What is required now, Blanchard writes, is „carefully revisiting the list of benefits and costs of inflation.“ which might lead to the desirability of „a higher optimal inflation rate“. In any case, „strict inflation targeting is not optimal,“ because „a key lesson from the crisis is the desirability of fiscal space to run larger fiscal deficits when needed.“

Blanchard does not explicitly elaborate his views on the „benefit“ of inflation in respect to public debt. But „eroding“ public debt via inflation is obviously what he has in mind.

Therefore it is not surprising that most significant reply to Blanchard came from the head of the Bundesbank, Axel Weber, and from the head the Swiss National Bank, Robert Hildebrand. They published a most unusual OpEd in the Neue Zürcher Zeitung on March 4, titled „Defending Price Stability“.

Weber and Hildebrand write that Blanchard’s arguments are „not convincing and the timing of his proposal is most unfortunate, if not reckless and damaging.“ Indeed a most unusual choice of words for central bankers. Then they continue: „Price stability is a very important public good, which is not only important for longterm economic growth and prosperity, but also for social stability. That is an important lesson of history, of which the people of our two countries are well aware. Typically, the socially weakest strata of the population suffer most through inflation, because they lack the means to protect themselves against inflation“.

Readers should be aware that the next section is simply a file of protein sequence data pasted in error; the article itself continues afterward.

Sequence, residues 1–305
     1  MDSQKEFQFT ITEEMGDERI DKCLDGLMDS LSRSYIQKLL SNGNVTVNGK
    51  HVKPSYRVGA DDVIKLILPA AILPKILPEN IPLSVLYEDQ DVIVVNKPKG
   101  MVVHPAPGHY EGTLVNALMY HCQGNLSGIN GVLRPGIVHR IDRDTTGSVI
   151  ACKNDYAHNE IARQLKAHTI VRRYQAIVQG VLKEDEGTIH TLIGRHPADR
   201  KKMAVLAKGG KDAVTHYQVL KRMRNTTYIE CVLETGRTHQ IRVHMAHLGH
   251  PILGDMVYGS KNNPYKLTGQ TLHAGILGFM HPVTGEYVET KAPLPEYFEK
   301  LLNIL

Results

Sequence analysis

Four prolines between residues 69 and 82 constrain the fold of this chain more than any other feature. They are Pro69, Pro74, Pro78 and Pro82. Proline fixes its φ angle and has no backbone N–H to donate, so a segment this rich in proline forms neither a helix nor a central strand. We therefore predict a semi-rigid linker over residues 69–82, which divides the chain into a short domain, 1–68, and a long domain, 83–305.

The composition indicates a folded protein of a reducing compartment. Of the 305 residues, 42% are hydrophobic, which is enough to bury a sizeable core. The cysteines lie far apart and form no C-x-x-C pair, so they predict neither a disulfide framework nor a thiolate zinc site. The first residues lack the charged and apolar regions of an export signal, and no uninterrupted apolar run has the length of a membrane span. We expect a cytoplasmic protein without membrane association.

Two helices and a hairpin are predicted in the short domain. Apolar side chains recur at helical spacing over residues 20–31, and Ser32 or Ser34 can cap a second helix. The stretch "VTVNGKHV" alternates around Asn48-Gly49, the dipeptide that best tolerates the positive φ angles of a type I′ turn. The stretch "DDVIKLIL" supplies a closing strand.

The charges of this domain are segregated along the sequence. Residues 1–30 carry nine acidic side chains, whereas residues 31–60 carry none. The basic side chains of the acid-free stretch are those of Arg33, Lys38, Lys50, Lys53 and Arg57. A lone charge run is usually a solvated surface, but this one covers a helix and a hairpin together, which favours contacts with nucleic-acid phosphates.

And then comes Weber’s and Hildebrand’s core message in response to Blanchard’s core message: „The proposals of the IMF chief economist to the effect that the central banks should envisage higher inflation, could easily be misunderstood as the central banks‘ tilting over into collaborating with a policy of material reduction of debt via inflation.“

Tremonti’s Recommendation

Another, more indirect reply to Blanchard came from China. Addressing the National People’s Congress on March 6, Prime Minister Wen Jiabao said China is committed to price stability and will achieve an inflation rate not exceeding 3% in 2010. China’s holdings of US Treasury Bills amount to $755 billion. China will hardly consent to a policy of material reduction of debt via inflation. IMF head Strauss-Kahn just named Zhu Min, deputy head of the Chinese central bank, as his „special advisor.“ One wonders what Zhu might tell Blanchard when they get together at IMF’s headquarters in Washington.